I wrote this a few years back for Huffington Post, but I still love sharing it. To me it is one of the messages of Christmas-miracles and hopes being realized, but often in a time frame we don't expect. We can't control our dreams manifestations, but we can never stop believing in them. I hope you will enjoy it. And to all of you who follow along with Apifera and show your gratitude in so many ways-thank you. We wish you a peaceful Christmas and a much light in your heart as the holiday continues. A new year is before us-who knows what it will bring for The Misfits, The White Dogs, Pino, my work and the farm?
Dear Father Christmas,
It has been many years since I've written, but I was reminded of you this week when I saw photographs of the heavy snow fall in my old homeland of Minnesota. As an Oregonian, I rarely experience snow anymore, but I'll admit, when it does come, I think of writing you -- but I always get busy.
Seeing the drifts of white fuzz in a photograph can carry me back 50-some years -- in an instant -- to Christmases where I would wake to fresh snow blanketing the world outside. It was so quiet but snow has a sound of its own, even when at rest. I'm sure you know exactly what I mean. I suppose it is the little flakes melting into their next life as puddles.
I wrote you often back then, always with hope and anticipation. I remember the year you and I actually met, or at least I saw your back as you left the darkened area where our Christmas tree stood. My parents and my older brother didn't believe I'd seen you, but to this day, I knew it was you. The next day I had perfect proof you had been there. The huge imprints left in the thick rug in our house didn't fit any one's boots or shoes. Our feet were all meek compared to yours.
Each year you always came through with many items on my Christmas list, except the one I wanted more than anything -- a horse.
Every year I asked for a horse, and you never brought me one. Oh, you did bring me horses made of china, horse dolls, horse books, horse boots and riding lessons, and horse sketch books. Thank you for those.
But I began to feel your magic had waned, that perhaps you were overworked or even bored with your position as chief gift giver. Or worse yet, that you didn't hear me. My friend said you were a fake, but I told her you were not a fake, and I would prove it to her when you brought me a horse that year. Fortunately, she moved away before Christmas, and I did not have to face her at the neighborhood parade on two feet, versus in my saddle.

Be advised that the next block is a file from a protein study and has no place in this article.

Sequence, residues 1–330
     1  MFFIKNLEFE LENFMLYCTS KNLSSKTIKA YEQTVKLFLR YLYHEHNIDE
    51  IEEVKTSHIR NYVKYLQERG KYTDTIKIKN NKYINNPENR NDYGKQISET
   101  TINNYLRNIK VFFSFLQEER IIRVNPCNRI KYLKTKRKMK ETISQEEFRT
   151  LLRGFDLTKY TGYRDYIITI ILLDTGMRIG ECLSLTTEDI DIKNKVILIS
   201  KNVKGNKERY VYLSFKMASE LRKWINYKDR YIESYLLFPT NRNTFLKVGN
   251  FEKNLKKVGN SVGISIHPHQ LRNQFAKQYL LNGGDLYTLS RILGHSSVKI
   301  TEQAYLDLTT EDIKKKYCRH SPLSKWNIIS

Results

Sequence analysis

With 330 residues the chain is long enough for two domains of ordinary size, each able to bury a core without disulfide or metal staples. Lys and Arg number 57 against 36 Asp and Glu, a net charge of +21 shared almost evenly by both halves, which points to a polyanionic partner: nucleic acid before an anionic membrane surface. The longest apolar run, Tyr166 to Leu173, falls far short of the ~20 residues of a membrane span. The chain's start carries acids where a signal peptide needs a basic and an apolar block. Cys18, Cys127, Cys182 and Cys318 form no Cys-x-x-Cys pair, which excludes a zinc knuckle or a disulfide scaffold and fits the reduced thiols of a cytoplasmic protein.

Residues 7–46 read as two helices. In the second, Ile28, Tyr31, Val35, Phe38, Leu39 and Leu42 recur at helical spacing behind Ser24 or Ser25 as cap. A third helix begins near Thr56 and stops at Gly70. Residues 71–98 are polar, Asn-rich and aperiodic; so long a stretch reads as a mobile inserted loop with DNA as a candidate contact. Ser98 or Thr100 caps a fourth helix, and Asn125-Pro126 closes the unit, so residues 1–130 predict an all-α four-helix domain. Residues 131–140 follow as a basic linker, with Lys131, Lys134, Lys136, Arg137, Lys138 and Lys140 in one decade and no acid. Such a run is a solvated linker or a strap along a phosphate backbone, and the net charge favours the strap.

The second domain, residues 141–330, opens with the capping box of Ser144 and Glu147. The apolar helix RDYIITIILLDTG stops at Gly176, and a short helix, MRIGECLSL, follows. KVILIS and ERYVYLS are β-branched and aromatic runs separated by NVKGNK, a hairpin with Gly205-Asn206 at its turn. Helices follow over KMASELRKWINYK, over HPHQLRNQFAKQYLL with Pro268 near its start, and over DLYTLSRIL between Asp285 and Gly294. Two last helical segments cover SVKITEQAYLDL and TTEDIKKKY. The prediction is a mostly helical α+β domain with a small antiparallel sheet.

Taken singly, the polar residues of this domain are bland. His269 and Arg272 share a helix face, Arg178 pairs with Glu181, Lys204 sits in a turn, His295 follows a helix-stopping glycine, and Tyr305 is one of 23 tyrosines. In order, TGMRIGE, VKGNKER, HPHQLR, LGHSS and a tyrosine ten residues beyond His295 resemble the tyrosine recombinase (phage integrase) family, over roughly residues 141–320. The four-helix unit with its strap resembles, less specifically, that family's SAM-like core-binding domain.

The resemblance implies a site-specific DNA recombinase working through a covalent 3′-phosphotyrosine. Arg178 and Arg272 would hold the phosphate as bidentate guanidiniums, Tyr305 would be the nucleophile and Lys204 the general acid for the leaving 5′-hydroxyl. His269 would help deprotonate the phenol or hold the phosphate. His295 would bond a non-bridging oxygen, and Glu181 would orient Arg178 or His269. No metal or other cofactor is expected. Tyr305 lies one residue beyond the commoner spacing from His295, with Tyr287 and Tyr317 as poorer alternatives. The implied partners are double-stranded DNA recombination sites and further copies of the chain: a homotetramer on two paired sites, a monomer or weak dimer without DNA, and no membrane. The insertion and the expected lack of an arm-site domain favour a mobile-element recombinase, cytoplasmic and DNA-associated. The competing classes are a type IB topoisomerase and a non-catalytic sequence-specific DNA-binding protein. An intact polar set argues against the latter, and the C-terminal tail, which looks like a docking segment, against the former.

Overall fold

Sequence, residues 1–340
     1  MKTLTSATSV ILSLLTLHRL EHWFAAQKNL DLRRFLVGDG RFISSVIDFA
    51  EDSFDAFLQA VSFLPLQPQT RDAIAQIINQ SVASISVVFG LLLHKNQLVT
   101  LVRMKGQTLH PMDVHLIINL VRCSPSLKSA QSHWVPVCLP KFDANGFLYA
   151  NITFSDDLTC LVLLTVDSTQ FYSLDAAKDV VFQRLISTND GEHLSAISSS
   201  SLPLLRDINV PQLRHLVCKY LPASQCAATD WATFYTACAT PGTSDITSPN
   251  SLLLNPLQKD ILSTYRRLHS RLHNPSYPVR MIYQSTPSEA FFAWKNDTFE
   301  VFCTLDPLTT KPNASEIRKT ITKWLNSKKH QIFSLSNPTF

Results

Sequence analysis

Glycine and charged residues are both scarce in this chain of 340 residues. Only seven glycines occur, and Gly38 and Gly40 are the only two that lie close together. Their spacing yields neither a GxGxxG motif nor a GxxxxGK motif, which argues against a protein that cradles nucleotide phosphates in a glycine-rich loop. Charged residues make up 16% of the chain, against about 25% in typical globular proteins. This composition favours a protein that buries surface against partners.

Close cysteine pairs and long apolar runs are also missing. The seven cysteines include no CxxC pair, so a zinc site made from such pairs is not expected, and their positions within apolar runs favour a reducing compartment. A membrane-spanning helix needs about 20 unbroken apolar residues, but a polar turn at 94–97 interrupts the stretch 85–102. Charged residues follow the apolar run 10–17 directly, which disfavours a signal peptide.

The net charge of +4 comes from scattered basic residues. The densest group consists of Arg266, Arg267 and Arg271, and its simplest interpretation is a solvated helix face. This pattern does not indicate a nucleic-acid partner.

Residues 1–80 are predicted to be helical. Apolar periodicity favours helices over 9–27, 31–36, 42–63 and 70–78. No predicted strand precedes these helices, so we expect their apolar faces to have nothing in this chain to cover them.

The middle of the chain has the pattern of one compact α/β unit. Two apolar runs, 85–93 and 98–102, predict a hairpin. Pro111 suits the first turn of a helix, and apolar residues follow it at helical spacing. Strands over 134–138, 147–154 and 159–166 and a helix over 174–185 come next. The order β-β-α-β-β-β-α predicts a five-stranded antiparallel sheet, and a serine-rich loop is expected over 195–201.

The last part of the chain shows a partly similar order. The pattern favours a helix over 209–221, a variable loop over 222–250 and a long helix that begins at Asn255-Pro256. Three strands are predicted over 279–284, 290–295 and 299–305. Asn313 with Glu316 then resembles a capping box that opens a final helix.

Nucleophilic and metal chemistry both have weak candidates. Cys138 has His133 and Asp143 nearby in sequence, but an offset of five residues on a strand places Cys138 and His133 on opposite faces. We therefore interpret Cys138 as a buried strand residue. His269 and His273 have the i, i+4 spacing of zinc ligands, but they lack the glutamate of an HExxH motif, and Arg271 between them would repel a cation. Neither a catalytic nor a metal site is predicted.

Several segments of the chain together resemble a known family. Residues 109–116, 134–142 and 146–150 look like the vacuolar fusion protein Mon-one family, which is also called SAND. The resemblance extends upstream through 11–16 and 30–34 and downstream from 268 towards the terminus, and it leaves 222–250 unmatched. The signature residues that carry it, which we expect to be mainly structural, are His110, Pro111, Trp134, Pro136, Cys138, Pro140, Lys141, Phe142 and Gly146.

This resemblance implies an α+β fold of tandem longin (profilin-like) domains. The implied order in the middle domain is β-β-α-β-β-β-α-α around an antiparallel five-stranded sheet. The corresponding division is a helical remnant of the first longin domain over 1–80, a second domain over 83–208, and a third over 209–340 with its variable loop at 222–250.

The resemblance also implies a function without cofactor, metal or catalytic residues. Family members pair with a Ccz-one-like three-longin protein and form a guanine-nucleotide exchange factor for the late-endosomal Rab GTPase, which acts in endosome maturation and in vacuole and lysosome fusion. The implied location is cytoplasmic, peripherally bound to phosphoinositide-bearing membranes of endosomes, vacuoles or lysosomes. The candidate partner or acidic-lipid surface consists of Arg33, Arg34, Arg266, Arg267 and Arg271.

It was then I quit writing you.
Not long ago, we had a heavy snow -- the kind that shuts things down in rural Oregon. Martyn and I (yes, I did finally marry even though I wrote you once I never would) took a walk down our long road admiring the beauty of it all. We heard not a truck, human, or even a farm animal, only the faint ticking of the large flakes hitting our coats. But off in the distance, we heard bells, like jingle bells. As we lifted our legs in giant high steps, we came to the main road and the bell sounds grew closer. The snow was falling heavily and there was a mist, making it hard to see. But out of the cloudy distance came a sleigh, pulled by two horses. It was a nearby farmer delivering hay to his cows the only way he could in the heavy snow -- by a Percheron-pulled sleigh.
We stopped and chatted and they went on their way, the bells becoming more distant as they slid down the road. We made our way back to the house, and smoke was coming out the chimney and the barns were all buried in snow cocoons. I heard my horse whinny from his paddock, his red coat stuck out from the white background and his mane was flecked in flakes. I saw the heat rising from his body into the cool air, but I knew without a doubt that mist was really you, Father Christmas.
"My child, I did get you that horse, it just took awhile."
You sounded just as I remember so long ago.
And I had to write you, Father Christmas, and say "thank you" for the horse.